The card approvals are also relatively quick and straightforward. I applied for the card using MyInfo (a Singapore government service that pulls my profile information and CPF statement with my permission), and received my card within 1 week of my application submission.
What this means for you is that you should:
Save your Amex True Cashback Card application until you have some visibility of a $5,000 expense coming up within 2 weeks. Once you do have it (i.e. renovation, wedding, booking plane tickets for family), apply for the card using our affiliate link here.
Limitations of the Amex True Cashback Card
1. Not as generally accepted card among Singapore merchants, compared to Visa / Mastercard
Unfortunately, the Amex True Cashback Card, being a card issued by Amex, does not enjoy the same widespread penetration rate as Visa and Mastercard in Singapore. It has been several times that I’m at the POS machine terminal with my Amex card outstretched, and the cashier shakes her disapprovingly, telling me to pull out my StanChart Unlimited Card instead because of the 4 dreaded words - “we don’t accept Amex”.
2. Lower cashback than other cards that have category-specific spending
At 1.5% unlimited cashback, the Amex True Cashback Card is exactly similar to the 1.5% offered by the StanChart Unlimited Card. However, these cashback rates pale in comparison to other cards such as the DBS Live Fresh (5% cashback on contactless and online spending) or the OCBC 360 Card (6% cashback on dining, 3% on groceries, and more).
If you have relatively regular spending and willing to put in the effort/energy to manage your spending to hit the minimum spending cap and avoid the maximum cashback cap, you can get higher cashback on your spending.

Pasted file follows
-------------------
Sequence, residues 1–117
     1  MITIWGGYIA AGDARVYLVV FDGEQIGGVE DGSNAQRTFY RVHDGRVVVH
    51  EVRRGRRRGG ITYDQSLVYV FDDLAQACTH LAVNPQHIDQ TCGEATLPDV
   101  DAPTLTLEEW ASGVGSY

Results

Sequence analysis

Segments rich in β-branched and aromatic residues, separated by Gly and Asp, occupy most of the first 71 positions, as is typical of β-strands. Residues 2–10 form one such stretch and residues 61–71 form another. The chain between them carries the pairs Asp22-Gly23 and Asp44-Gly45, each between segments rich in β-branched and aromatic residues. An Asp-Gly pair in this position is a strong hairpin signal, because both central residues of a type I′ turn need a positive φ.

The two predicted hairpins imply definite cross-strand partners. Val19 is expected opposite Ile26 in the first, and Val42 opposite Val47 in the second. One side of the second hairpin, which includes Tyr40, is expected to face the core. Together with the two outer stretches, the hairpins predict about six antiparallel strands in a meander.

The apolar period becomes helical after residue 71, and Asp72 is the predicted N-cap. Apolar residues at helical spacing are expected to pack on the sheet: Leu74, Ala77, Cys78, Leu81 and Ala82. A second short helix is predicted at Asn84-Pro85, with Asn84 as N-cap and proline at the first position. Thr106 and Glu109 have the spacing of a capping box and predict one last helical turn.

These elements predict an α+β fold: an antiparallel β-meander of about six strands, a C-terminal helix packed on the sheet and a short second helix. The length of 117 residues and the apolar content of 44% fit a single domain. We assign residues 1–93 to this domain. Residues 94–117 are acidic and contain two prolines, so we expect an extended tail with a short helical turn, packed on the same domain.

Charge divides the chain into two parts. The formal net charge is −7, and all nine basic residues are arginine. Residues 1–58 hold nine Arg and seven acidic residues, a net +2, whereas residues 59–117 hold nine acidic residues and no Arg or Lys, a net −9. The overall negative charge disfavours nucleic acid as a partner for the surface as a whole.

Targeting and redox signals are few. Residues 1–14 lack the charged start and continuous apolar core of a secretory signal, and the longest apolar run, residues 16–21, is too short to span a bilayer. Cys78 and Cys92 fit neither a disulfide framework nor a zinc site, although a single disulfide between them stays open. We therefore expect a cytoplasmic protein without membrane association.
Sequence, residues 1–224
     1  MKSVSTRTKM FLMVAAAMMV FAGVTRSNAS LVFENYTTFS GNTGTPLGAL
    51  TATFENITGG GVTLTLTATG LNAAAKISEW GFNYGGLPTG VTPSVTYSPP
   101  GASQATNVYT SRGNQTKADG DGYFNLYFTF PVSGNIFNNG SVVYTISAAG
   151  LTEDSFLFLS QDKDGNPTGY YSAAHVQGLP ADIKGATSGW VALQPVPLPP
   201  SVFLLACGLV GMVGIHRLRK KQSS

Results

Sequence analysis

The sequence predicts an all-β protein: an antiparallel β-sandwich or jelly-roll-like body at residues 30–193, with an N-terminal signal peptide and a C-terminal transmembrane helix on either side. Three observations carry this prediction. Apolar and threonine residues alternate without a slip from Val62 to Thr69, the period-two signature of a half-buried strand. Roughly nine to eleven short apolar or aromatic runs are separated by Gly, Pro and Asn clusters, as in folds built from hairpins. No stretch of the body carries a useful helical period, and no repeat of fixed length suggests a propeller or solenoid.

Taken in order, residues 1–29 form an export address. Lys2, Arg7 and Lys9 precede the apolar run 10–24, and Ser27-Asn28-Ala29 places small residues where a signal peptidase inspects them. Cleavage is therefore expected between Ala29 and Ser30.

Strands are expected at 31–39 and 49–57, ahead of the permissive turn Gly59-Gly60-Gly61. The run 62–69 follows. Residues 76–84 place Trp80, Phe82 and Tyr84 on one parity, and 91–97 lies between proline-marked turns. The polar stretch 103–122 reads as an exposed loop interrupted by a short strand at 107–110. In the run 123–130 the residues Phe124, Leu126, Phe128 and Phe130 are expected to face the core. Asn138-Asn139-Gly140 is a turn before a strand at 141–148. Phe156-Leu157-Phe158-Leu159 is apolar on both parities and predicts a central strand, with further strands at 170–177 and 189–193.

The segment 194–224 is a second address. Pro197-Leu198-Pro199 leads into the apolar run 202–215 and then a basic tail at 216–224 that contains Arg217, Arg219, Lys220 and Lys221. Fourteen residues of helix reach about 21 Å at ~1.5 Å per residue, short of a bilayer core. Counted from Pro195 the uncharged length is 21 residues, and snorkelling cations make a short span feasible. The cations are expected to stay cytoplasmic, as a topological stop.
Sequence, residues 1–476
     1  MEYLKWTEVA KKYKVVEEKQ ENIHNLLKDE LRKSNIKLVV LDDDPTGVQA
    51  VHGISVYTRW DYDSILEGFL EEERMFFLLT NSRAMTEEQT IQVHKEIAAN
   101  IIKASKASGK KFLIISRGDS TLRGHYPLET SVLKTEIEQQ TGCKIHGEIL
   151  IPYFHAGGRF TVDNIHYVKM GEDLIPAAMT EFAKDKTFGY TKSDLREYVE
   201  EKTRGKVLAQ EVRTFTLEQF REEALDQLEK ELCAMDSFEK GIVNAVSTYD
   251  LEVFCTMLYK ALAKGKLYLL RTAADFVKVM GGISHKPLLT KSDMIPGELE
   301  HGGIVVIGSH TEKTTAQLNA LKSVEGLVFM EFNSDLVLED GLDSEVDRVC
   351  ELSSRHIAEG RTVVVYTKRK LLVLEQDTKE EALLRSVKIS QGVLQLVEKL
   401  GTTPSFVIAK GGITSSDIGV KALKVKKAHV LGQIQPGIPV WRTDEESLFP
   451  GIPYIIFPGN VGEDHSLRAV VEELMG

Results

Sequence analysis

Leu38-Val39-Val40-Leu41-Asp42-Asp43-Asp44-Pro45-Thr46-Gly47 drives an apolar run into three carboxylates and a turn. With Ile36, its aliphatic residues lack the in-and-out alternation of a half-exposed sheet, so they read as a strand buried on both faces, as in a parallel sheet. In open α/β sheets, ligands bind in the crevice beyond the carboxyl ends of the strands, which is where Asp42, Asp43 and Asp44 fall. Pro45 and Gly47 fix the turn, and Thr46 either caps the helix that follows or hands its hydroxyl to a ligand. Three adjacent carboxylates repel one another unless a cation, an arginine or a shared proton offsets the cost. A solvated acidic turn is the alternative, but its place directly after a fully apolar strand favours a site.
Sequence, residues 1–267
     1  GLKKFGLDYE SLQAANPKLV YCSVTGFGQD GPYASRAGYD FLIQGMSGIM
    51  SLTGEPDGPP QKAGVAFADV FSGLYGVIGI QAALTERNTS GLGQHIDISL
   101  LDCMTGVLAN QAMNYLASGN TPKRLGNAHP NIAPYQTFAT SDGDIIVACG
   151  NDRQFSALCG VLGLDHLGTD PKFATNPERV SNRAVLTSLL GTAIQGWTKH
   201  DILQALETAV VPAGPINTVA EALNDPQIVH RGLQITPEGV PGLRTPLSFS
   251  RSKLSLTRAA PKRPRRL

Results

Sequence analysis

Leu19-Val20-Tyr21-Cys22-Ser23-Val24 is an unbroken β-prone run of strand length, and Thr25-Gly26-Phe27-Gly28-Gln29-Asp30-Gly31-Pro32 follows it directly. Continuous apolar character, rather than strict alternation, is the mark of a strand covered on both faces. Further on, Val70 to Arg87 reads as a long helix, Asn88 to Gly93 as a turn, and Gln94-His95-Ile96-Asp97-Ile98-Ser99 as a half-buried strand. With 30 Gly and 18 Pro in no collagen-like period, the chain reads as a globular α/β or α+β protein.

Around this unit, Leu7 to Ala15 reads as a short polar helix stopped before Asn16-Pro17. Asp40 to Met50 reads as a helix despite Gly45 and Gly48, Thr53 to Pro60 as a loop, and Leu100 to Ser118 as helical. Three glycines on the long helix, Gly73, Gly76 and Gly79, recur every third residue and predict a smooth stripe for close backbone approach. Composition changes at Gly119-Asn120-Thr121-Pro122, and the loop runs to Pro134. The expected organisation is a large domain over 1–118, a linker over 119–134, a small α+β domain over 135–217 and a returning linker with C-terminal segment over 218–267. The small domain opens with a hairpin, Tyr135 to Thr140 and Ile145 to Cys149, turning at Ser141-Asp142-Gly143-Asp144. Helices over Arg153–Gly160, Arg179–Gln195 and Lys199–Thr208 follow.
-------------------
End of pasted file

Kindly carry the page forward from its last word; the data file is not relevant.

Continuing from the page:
Readers of this blog will know that I champion this card for an upcoming $5,000 expense; and I still do now. Personally, I applied for this card to make some payments for my home furniture costing several thousands of dollars. The promotional cashback allowed me to get an even higher cashback rate based on the WhatCard search engine results.
After I have maxed out the promotional cashback, my strategy is to prioritize spending on my StanChart Unlimited Card, because Mastercard is more widely accepted than Amex and they both give the same benefits of 1.5% cashback on all spend and no cashback cap. Hence, I intend to cancel my Amex True Cashback Card, wait another 12 months (to be considered a new card applicant), and rinse and repeat this strategy for my next upcoming $5,000 expense
Let us know in the comments below which card you would like us to review for our next #WCOTW!
If you would like to get the maximum rewards from your credit cards, do consider integrating WhatCard into your lifestyle to help you optimize your credit card rewards, and follow us on Facebook to stay updated on the latest tips, tricks, and hacks (like this article!) to get the most out of your credit cards